By Howard Kurtz
Washington Post Staff Writer
Friday, June 27, 2008 9:31 AM
Barack Obama is under hostile fire for changing his position on the D.C. gun ban.
Oh, I'm sorry. He didn't change his position, apparently. He reworded a clumsy statement.
That, at least, is what his campaign is saying. The same campaign that tried to spin his flip-flop in rejecting public financing as embracing the spirit of reform, if not the actual position he had once promised to embrace.
Is this becoming a pattern? Wouldn't it be better for Obama to say he had thought more about such-and-such an issue and simply changed his mind? Is that verboten in American politics? Is it better to engage in linguistic pretzel-twisting in an effort to prove that you didn't change your mind?
Regardless of what you think of the merits of yesterday's Supreme Court ruling overturning the capital's handgun law, it seems to me we're entitled to a clear position by the presumed Democratic nominee. And I'm a bit confused about how the confusion came about.
Here's how the Illinois senator handled the issue with the Chicago Tribune just last November:
"The campaign of Democratic presidential hopeful Barack Obama said that he ' . . . believes that we can recognize and respect the rights of law-abiding gun owners and the right of local communities to enact common sense laws to combat violence and save lives. Obama believes the D.C. handgun law is constitutional.' "
Kind of a flat statement.
And here's what ABC reported yesterday: " 'That statement was obviously an inartful attempt to explain the Senator's consistent position,' Obama spokesman Bill Burton tells ABC News."
But even though the earlier Obama quote and the "inartful" comment have been bouncing around the Net for 24 hours, I'm not seeing any reference to them in the morning papers. Most do what the New York Times did: "Mr. Obama, who like Mr. McCain has been on record as supporting the individual-rights view, said the ruling would 'provide much-needed guidance to local jurisdictions across the country.' "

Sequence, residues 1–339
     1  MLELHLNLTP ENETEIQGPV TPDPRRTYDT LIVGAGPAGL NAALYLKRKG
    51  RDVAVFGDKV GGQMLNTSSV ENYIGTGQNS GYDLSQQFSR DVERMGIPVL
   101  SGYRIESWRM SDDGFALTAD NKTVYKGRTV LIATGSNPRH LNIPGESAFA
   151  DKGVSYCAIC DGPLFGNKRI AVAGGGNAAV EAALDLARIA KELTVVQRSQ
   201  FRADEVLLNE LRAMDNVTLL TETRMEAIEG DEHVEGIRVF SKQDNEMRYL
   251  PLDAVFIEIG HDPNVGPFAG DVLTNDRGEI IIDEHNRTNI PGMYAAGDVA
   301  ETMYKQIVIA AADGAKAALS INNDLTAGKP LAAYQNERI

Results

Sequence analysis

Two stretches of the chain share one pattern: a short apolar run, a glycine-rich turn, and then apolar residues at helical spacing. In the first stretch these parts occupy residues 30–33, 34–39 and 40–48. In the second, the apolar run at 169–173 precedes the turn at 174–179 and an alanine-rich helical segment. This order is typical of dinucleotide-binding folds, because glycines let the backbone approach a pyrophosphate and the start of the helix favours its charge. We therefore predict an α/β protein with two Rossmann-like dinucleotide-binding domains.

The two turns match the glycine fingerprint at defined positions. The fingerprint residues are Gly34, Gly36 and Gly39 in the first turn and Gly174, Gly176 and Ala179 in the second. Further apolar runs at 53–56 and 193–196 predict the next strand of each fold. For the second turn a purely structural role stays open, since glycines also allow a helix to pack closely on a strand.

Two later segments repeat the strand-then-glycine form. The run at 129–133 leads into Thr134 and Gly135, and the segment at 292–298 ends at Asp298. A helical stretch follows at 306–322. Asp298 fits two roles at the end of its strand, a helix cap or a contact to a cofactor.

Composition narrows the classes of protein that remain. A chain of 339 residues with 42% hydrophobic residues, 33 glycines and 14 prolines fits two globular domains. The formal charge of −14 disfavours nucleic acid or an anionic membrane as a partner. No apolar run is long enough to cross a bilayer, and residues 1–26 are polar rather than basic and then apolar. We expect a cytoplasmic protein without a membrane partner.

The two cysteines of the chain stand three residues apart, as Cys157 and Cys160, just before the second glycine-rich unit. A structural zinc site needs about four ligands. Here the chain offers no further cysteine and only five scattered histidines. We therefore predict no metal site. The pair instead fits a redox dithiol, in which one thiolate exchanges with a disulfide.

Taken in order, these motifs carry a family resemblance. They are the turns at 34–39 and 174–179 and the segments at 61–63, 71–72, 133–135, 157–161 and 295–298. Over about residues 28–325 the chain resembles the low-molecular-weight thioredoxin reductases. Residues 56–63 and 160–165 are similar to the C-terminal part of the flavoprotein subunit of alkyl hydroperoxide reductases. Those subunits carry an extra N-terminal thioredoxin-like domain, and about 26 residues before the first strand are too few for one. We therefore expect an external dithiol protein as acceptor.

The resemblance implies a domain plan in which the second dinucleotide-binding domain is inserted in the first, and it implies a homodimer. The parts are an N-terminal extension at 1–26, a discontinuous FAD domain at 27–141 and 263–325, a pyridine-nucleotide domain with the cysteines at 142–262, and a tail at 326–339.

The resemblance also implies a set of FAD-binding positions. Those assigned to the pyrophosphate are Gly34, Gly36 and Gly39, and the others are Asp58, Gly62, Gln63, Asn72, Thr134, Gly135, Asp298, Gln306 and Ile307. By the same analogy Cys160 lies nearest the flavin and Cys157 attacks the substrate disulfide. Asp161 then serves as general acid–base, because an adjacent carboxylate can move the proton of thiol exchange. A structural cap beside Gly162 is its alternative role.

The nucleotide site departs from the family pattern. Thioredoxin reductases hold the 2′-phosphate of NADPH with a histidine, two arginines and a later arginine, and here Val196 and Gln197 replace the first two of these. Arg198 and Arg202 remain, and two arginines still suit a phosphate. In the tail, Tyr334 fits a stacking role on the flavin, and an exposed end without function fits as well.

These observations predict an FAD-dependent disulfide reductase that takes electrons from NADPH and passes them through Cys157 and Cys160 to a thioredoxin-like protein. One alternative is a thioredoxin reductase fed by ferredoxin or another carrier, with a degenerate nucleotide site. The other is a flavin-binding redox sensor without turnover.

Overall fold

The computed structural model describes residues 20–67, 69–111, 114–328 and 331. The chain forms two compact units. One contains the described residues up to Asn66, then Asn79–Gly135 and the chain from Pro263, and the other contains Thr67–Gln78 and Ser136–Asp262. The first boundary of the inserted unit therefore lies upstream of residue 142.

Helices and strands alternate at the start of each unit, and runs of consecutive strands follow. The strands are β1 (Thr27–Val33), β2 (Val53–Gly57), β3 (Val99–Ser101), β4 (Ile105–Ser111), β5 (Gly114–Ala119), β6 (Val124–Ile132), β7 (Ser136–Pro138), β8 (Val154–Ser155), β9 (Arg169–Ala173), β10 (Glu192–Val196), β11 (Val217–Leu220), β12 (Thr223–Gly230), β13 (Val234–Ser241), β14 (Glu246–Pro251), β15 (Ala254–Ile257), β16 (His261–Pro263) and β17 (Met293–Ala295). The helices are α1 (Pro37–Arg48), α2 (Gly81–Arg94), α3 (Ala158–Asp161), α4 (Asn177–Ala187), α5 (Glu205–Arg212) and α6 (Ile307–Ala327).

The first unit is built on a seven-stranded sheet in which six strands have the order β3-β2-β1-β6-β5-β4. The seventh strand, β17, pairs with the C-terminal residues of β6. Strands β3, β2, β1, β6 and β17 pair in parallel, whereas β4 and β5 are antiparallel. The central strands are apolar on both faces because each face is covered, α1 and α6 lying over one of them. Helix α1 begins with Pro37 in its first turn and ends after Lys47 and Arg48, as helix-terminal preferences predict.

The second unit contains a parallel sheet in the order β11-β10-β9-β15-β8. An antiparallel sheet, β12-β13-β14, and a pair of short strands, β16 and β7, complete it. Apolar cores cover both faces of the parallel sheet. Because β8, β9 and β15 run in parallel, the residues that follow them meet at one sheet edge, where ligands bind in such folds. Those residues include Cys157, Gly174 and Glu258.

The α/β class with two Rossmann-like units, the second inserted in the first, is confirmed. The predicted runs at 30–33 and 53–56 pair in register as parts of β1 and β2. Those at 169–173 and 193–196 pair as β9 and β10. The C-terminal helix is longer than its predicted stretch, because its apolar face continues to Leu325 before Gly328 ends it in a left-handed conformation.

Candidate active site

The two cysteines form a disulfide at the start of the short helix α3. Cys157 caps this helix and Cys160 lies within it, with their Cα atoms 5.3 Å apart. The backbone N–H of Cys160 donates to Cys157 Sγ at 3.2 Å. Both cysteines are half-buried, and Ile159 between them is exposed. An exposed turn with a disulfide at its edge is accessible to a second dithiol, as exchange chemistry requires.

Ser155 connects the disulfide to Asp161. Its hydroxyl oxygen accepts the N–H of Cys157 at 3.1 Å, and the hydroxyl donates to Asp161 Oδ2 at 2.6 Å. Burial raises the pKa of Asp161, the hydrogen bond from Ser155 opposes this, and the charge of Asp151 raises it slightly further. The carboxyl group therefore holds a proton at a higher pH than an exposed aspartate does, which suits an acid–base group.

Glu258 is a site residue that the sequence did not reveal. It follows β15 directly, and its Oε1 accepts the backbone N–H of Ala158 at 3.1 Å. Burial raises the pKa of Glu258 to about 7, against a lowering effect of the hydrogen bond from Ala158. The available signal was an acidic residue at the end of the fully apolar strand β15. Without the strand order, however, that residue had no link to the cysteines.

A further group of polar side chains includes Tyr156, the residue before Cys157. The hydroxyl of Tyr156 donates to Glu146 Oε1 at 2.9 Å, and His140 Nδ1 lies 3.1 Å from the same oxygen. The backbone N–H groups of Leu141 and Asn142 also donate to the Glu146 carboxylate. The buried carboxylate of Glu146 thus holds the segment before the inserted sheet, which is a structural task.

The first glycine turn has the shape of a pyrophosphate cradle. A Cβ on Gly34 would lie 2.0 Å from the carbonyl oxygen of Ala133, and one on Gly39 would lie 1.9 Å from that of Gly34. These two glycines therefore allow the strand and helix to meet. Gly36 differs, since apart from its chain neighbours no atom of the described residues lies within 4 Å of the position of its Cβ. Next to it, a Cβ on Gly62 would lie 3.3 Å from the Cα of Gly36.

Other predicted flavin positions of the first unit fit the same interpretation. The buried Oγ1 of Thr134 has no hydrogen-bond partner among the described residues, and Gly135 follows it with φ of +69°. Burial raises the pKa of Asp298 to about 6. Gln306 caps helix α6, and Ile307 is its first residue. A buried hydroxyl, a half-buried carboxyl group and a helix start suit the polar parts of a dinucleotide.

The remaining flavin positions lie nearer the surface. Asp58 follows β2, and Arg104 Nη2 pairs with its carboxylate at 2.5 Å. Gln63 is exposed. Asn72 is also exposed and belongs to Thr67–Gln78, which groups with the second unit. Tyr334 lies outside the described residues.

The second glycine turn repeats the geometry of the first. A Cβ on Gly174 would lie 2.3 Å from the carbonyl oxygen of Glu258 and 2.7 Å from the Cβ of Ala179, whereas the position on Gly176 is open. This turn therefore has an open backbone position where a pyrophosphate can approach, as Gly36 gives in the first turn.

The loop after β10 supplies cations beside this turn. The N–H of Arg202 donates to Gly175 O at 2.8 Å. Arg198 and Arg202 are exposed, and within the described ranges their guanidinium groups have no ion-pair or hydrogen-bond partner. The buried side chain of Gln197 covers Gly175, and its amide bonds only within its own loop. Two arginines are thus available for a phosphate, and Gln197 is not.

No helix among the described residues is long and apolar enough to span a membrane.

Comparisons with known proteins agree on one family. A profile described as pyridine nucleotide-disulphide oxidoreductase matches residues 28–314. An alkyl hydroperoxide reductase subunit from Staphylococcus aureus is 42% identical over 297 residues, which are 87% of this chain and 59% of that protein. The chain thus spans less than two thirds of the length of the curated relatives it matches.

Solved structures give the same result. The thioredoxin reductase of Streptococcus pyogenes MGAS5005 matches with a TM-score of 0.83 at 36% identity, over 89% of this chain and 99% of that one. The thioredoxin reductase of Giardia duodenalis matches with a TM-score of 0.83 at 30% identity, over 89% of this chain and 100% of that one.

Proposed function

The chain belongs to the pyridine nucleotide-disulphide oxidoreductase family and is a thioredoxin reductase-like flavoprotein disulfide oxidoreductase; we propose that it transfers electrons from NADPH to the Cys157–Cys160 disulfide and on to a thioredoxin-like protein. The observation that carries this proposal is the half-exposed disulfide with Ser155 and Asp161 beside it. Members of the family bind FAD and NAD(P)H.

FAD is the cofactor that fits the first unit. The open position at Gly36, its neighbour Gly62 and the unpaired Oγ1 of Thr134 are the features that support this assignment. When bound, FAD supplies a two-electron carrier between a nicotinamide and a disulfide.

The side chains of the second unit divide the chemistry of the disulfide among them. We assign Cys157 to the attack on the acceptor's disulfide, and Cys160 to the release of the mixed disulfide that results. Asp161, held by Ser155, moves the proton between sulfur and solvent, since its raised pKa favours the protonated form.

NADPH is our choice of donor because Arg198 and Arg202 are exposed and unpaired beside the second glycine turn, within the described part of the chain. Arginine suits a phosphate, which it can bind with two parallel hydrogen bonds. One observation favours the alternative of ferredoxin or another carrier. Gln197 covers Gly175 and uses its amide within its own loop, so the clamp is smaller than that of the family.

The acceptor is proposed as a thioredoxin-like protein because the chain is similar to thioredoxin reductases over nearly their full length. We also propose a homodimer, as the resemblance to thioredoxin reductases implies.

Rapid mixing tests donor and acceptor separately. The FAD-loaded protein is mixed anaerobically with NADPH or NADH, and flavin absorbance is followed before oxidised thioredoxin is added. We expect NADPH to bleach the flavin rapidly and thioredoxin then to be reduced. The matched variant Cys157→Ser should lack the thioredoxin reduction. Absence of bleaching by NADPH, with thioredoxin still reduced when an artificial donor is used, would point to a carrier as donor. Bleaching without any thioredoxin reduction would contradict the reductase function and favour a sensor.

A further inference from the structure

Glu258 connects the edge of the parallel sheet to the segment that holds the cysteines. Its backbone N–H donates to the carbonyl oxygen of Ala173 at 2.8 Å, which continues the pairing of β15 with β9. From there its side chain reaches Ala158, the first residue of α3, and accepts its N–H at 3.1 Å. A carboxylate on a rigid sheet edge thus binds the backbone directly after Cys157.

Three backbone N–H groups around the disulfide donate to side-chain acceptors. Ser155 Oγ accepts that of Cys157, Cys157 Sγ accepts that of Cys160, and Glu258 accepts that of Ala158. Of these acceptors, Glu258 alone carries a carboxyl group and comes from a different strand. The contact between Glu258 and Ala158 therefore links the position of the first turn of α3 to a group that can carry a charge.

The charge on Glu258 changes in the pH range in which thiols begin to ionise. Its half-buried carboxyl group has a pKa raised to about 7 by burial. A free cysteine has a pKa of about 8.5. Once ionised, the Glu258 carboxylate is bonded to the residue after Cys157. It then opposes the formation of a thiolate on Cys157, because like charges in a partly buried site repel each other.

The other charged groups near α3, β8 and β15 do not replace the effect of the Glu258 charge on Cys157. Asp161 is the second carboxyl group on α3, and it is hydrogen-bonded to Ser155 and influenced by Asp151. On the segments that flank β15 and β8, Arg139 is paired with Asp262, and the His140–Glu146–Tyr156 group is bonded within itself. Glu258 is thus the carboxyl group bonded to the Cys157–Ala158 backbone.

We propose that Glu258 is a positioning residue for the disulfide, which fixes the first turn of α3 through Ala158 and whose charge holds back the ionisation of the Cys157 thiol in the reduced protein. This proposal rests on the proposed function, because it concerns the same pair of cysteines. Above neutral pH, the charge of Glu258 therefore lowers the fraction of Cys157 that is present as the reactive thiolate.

Supporting the individual-rights view? Not in November.
Even the Tribune--the very paper that the Obama camp told he supported the gun ban--makes no reference to the November interview. Instead: "Democrat Barack Obama offered a guarded response Thursday to the Supreme Court ruling striking down the District of Columbia's prohibition on handguns and sidestepped providing a view on the 32-year-old local gun ban. Republican rival John McCain's campaign accused him of an 'incredible flip-flop' on gun control."
So McCain accuses Obama of a flip-flop, and the Trib can't check the clips to tell readers whether there's some basis in fact for the charge?
USA Today takes the same tack:
"In a conference call put together by McCain's campaign, Republican Sen. Sam Brownback of Kansas said . . . that Obama has been changing his position on the gun issue and said the Democratic senator has done some 'incredible flip-flopping' on key issue."
And? And? That's all we get? He said/he said journalism?
Even if you wanted to maintain that it wasn't really a flip-flop, what about giving the readers the facts?
The Washington Post did include this half-sentence deep in a story: "Obama, who has advocated strict gun-control laws and who spoke favorably about the District's handgun ban before yesterday's ruling . . ."
New York Post columnist Charles Hurt suggests the appearance of a reversal by the "most liberal member of the Senate," but doesn't provide the evidence on this point: